Now that that's all clear, I can get on to how to construct an effective bound reference. After you've completed your homework each night, get out your bound reference and rule a vertical line down the middle of each page. The left side is your theory side and the right side is your 'arithmetic' side. First, write down the theory notes you copied down in class as well as any additional theory notes from the textbook in the left column. Then, in the right column, copy out a more difficult homework question and work it out. Go back to your left side and carefully annotate each working step by writing worded instructions. There's no point only having a bunch of numbers in there because you won't have a clue of what's going on when you revisit it later.

As you come across other tricky questions, add them in as well and complete in the same fashion. Once you have finished a module, leave a couple of blank pages before you start writing about the next module. I say this because when you start revising for the exams you will come across more tricky questions and you'll want to add them in their relevant section. You're not allowed to stick in post-it notes, but you can easily flick between modules by cutting alternate corners for each section. By the end of the year, you will have a simple, yet detailed, bound reference that has the potential to get you out of trouble if you get stuck on an exam question because you will have all the information you could possibly need.

As you can see, this requires you to be working consistently on your bound reference throughout the year, but by taking the time to make these notes regularly, you are consolidating your knowledge and will be less likely to forget things. Even if you do forget something, you'll be able to 'reteach yourself' very quickly by simply reading your bound reference. This is the main purpose of the bound reference - being a safety net in the exams just happens to be an added bonus. Any bound reference made at the end of the year would not delve into this much detail, yet as you have constructed your own set of notes, you should be very familiar with the order and content of your bound reference.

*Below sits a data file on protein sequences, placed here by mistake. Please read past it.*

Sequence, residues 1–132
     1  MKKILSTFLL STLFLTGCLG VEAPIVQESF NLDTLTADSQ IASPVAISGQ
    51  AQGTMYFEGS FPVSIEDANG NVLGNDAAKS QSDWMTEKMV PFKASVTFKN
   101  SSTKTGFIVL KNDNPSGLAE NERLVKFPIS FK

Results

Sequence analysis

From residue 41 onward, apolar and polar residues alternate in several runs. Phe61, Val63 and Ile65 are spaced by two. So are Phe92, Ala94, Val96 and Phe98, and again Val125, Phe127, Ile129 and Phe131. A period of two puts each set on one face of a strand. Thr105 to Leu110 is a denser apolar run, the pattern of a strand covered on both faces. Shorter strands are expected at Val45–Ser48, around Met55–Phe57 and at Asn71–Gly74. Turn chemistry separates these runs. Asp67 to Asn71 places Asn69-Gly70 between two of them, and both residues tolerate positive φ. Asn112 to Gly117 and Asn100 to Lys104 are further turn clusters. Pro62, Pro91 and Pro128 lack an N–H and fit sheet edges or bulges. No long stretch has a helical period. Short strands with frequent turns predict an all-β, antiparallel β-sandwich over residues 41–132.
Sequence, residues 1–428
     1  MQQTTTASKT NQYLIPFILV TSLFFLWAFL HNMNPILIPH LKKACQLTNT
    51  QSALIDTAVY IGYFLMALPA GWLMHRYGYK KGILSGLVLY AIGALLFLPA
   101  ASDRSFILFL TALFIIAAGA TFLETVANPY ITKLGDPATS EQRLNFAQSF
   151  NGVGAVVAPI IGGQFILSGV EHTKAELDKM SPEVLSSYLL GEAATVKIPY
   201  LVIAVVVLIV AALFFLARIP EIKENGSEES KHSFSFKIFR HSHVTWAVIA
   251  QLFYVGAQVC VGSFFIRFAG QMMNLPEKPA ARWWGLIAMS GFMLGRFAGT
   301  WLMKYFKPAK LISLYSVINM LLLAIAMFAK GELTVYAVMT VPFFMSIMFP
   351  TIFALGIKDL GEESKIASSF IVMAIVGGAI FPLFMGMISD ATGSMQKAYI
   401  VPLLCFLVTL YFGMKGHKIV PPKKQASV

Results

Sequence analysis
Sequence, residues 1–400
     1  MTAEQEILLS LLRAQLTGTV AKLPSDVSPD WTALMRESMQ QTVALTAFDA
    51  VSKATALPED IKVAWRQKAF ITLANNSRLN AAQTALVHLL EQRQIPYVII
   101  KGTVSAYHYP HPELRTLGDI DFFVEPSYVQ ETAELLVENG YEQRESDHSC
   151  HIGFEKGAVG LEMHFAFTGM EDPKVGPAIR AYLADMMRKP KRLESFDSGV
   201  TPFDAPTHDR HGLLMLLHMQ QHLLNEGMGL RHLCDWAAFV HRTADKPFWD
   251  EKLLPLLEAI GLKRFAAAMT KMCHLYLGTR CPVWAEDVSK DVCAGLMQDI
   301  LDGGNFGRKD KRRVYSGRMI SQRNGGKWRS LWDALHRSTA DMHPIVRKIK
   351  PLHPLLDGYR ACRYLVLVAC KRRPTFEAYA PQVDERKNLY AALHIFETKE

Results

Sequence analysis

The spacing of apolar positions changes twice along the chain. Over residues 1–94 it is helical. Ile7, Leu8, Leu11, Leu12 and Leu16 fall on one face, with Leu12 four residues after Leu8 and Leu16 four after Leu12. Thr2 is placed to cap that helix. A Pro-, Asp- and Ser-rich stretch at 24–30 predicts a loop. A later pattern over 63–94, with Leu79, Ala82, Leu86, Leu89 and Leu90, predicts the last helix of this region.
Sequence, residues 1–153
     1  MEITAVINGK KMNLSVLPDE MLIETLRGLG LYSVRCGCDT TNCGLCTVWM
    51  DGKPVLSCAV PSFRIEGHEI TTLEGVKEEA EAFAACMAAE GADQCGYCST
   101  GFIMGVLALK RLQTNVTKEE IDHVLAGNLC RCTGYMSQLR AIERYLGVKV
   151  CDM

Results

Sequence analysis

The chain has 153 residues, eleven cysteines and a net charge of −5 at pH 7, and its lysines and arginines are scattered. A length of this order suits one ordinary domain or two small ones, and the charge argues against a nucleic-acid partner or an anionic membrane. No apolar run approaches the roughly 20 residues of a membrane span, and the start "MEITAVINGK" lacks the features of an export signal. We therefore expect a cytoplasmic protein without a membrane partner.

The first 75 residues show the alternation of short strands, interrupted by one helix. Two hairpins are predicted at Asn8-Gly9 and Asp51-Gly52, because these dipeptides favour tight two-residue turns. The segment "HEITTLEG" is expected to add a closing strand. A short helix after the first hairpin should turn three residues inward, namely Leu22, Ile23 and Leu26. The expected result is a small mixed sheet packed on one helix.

That looks like an awful lot of time and effort. How long does it take each night?

You'll find that the Further Maths course actually doesn't contain a lot of content and you won't receive as much homework as you do with other subjects. On top of about 30 minutes of set homework each night, making the set of notes shouldn't take longer than about 15 minutes if you keep on top of it from the start. It becomes very difficult and time consuming, however, to make such comprehensive notes later on, so I cannot urge you enough to be organised.

Does this method really work?

Well, it worked for me. I basically compiled examples of every single little trick VCAA could possibly throw at me along with detailed worked solutions which I could quickly grasp during an assessment if need be.

Out of curiosity, how often did you use your bound reference?

In the core SAC, a fair amount. This SAC is quite long (usually spread over several lessons) and part of it involves choosing ways to display given data. Otherwise, it usually sat closed on the desk unless I had to use the bell curve standard deviation percentages.

What?! All that work and you hardly used it?!

As I've said, I used my bound reference to consolidate my knowledge so that it remained fresh. However, I knew that if I got into strife that there would be a related question in there, along with written steps that could get me out of trouble.

In summary:

- Understand the purpose of your bound reference. While it is there if you get stuck, its primary role is to consolidate and revise knowledge.
- Don't slack off. If you work on it a little bit each night, this is very manageable to do. Remember, the more effort you put in, the more beneficial it will be for you.
- Know your bound reference well. It will be more concise than a textbook, but you don't want to be wasting time flicking through pages. Hopefully you will know it like the back of your hand, considering you've been working on it throughout the year.
- Use your bound reference to store difficult textbook and exam questions alike but ensure you maintain appropriate formatting that allows you to understand your notes later on.

I know it seems very ambitious, but give it a go and I'm sure you will not regret it. Please feel free to ask me any questions regarding Further Mathematics. :)

Disclaimer: While this might be relevant for Methods and Specialist bound references, I do not advise you to use this method in these instances. A slightly different technique is used and I intend to write about that at the end of next year.
« Last Edit: November 16, 2012, 09:13:40 pm by Stick »